Global Security Newswire
Daily News on Nuclear, Biological & Chemical Weapons, Terrorism and Related Issues
GOP Lawmakers Hope to Halt Uranium Mine Deal
Four senior Republican lawmakers yesterday pressed the Obama administration to squelch a proposed deal that would give the Russian state-run atomic energy firm Rosatom control of a Wyoming uranium mine and processing site, the Washington Times reported (see GSN, Sept. 22).
The potential deal would give Atomredmetzoloto, a branch of Rosatom, a 51 percent share of Uranium One USA Inc., operator of the the Powder River Basin site in Wyoming. The Russian entity currently holds 23.1 percent of the Canadian-based firm's common stock, according to a company fact sheet.
The transaction, announced on Aug. 31 and slated for completion in 2010, must still receive backing from the U.S. Nuclear Regulatory Commission and the interagency Foreign Investment in the United States Committee.
Rosatom has "shown little if any inclination to effectively address the widespread and continuing corruption within Russia, particularly its energy sector," Representatives Spencer Bachus (Ala.), Peter King (N.Y.), Howard McKeon (Calif.) and Ileana Ros-Lehtinen (Fla.) stated in a letter to Treasury Secretary Timothy Geithner.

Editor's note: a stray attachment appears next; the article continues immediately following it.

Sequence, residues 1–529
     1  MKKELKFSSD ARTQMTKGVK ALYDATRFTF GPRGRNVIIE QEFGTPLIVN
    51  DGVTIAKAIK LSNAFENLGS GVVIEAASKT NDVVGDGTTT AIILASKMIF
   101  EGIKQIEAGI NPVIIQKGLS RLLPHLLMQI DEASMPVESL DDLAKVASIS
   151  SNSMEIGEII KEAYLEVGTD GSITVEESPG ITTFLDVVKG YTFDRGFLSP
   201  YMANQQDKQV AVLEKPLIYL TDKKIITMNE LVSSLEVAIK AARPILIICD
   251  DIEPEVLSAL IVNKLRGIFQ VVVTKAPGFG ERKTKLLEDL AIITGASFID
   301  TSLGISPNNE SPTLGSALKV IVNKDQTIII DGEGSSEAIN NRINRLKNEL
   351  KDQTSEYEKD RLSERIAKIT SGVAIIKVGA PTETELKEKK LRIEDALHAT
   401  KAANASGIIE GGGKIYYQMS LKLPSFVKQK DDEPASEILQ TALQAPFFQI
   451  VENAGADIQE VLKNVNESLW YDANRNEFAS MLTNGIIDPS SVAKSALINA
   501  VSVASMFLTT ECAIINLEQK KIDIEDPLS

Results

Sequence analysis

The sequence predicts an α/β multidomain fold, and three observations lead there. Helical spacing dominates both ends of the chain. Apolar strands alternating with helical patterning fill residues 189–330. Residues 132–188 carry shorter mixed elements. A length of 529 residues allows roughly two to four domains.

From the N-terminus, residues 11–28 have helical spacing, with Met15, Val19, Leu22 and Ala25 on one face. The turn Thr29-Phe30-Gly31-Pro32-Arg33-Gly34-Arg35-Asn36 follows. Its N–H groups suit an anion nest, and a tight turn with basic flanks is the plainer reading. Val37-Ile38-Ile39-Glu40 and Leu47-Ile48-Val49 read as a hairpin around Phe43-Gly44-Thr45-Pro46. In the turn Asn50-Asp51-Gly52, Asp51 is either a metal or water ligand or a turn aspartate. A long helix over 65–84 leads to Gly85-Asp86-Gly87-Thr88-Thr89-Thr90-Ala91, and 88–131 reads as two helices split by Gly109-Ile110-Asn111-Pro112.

The lawmakers also noted to the Russian firm's work on Iran's Bushehr nuclear power plant and cooperation with scientists in Myanmar. Both nations are suspected in Washington of seeking nuclear-weapon capabilities.
Uranium One USA Senior Vice President Donna Wicher said last month "that none of the uranium produced in the U.S. will be used by Rosatom to fuel the Iran reactor."
Still, the lawmakers' concerns persisted.
"Although Uranium One USA officials are reportedly skeptical that the transaction would result in the transfer of any mined uranium to Iran, we remain concerned that Iran could receive uranium supplies through direct or secondary proliferation," their letter states (Eli Lake, Washington Times, Oct. 5).
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Oct. 23, 2014
NTI Vice Chairman Des Browne delivered the keynote address at the Washington-based Arms Control Association's annual meeting, covering a range of nuclear policy issues.